Well over a year ago, my Uncle gave me an older 26" 720p LCD HDTV. Clearly, it is one of the first-generation flat-panel screens, as it has some quirks. The color isn't very consistent, and it temporarily burns in static images. Other than that, it's been a great TV, and we've gotten a lot of use out of it. We were very dismayed when we discovered that the sound was cutting out after 15-30 minutes of use, and we really didn't want to spend $200+ on a new TV. I quickly traced the problem to heat, as the problem only appeared at the beginning of the summer, and the sound seemed to last longer with a small fan propped up behind the TV. See how I revived our HDTV after the break!
The first thing I did was pop the plastic back off the TV to see how it is cooled. The biggest problem was the RF shield, there were virtually no cooling holes, making the louvers on the plastic back totally useless. A single rubber-mounted 2" fan blew a tiny bit of air across the power supply, but it didn't touch any of the chips on the controller board.
I pulled off the RF shield and set up a small fan blowing across the chips (which got very hot to the touch on their own). The problem was solved immediately.
I pulled the back cover off, and decided where to put my fans. A 2" fan covers a group of video processing chips towards the middle, and a 1" fan focuses on a chip next to the speaker wires on the left. The fans were free; I won them in a raffle for a "box of junk" from The Reuseum. Just what I needed! I went a bit on the small side with the holes.
The plastic on this TV is ABS. I used a small cutting tool on a Dremel for the big stuff, and finished it out with a drum sander attachment. The cutting tool didn't cut it as much as it just melted it, but the drum sander allowed me to get good, even circles. The hole for the smaller 1" fan on the left was a bit tougher because of the louvers. It doesn't look quite as good. If there is a better way to cut ABS plastic, I'd like to hear about it.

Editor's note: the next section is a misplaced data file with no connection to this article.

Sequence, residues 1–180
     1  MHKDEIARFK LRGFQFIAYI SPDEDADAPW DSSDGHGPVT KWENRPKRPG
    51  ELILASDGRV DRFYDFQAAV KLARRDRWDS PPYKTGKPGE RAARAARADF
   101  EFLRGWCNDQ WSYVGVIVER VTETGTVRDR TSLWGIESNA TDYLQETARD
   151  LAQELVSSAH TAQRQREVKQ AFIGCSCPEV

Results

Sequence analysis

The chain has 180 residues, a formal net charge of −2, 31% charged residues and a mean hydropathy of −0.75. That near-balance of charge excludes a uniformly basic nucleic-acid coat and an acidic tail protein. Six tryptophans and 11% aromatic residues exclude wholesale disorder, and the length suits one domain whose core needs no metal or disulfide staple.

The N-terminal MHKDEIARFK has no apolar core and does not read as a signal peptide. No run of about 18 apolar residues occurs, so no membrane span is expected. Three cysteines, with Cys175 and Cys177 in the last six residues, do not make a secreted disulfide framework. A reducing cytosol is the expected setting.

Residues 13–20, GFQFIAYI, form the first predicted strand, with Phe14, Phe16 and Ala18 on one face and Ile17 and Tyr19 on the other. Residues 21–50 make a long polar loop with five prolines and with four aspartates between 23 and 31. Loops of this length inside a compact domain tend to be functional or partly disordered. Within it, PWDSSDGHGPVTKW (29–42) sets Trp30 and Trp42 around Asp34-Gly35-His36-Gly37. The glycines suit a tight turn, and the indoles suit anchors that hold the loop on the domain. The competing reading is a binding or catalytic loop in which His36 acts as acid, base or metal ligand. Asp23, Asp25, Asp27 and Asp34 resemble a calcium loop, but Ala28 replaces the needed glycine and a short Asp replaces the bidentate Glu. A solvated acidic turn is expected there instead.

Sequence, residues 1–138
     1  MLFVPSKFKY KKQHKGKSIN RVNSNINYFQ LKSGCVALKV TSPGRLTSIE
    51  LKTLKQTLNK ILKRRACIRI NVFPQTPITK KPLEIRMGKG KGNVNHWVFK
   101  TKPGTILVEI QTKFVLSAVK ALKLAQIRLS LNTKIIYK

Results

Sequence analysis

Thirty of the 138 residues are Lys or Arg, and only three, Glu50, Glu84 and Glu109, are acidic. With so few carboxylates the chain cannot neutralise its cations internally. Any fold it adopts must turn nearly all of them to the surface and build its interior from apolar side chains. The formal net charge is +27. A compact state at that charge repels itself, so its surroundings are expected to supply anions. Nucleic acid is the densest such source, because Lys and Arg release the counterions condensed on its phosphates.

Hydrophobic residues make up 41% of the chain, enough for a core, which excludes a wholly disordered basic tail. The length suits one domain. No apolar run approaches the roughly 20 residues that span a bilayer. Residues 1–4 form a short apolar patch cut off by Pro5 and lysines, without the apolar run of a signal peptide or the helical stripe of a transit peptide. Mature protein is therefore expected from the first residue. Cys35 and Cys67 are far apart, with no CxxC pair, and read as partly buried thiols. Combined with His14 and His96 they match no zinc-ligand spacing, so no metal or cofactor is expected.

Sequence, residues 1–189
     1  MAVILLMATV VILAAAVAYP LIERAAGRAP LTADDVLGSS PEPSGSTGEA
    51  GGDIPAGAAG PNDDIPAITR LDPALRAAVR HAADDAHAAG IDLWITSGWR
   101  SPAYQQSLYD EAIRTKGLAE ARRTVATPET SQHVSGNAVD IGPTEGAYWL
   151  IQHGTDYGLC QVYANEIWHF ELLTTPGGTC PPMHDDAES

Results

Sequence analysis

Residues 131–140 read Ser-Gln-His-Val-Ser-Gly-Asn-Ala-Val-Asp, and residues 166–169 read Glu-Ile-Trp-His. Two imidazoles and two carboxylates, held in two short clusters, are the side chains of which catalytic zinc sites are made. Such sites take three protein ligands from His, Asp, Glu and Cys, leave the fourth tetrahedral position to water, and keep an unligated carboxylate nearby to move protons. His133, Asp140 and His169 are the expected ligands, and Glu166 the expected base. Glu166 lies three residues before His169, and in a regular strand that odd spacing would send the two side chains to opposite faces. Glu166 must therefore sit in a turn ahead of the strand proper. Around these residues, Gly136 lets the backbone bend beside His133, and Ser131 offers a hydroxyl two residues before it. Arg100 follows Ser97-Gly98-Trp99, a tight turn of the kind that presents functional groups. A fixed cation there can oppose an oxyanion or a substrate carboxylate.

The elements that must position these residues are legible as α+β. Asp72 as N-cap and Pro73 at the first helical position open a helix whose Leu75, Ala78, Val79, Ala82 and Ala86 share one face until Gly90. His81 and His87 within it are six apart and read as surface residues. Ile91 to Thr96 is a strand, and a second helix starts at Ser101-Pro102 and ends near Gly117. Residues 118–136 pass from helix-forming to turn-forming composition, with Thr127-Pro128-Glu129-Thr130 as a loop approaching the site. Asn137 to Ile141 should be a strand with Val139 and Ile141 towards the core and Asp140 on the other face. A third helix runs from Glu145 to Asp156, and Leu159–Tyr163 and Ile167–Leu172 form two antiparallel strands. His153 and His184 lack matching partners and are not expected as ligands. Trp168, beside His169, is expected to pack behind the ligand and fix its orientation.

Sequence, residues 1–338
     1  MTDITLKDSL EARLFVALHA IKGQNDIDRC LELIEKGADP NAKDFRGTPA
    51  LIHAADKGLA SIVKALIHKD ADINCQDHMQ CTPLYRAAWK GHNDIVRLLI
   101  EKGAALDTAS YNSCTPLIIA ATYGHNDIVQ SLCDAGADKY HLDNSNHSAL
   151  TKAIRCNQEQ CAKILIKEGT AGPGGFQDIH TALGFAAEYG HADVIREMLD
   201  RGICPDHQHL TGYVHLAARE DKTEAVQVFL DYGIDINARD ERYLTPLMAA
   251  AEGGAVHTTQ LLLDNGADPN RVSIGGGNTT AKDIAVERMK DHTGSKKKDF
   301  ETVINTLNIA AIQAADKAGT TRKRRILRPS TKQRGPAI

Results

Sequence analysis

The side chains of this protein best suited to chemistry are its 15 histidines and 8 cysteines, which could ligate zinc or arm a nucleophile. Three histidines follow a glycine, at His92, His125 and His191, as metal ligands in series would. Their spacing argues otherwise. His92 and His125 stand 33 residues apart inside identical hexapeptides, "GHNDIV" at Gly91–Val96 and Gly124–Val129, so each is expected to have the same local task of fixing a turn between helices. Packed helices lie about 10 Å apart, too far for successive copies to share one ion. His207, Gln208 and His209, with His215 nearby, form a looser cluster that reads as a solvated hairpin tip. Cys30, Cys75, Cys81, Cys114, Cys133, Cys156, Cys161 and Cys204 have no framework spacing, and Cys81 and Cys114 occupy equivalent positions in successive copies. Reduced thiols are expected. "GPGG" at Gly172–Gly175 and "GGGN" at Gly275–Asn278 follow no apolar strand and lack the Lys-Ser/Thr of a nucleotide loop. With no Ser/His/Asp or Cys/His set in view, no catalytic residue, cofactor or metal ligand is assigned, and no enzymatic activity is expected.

Bolted in the fan with some 1 1/2" #6 bolts that were left over from my Printrbot project.
I tapped into the power for the existing fan. Hopefully I won't overload that circuit, but I don't think it will be a problem. Strip, twist, crimp, solder, heatshrink, repeat.
Finished! So far, the audio has worked continuously for about one hour straight. If the two fans don't solve the problem, I'll take it to the next level by applying adhesive heat sinks, like you see being used on the Raspberry Pi. The project took me a total of about $45 minutes, and didn't cost me anything, because I had everything I needed on hand. The 2" fan is a bit noisy, but not so much so that it causes a problem. If it starts to bug me, I can swap it out for another easily. Below the 2" fan, I put a nice scrape in the plastic with a slip of the dremel. Some Acetone on a rag with some wiping and dabbing roughened the texture on the spot, hiding the scrape reasonably well.
Now I won't have to shell out over $200 for a new TV! Awesome!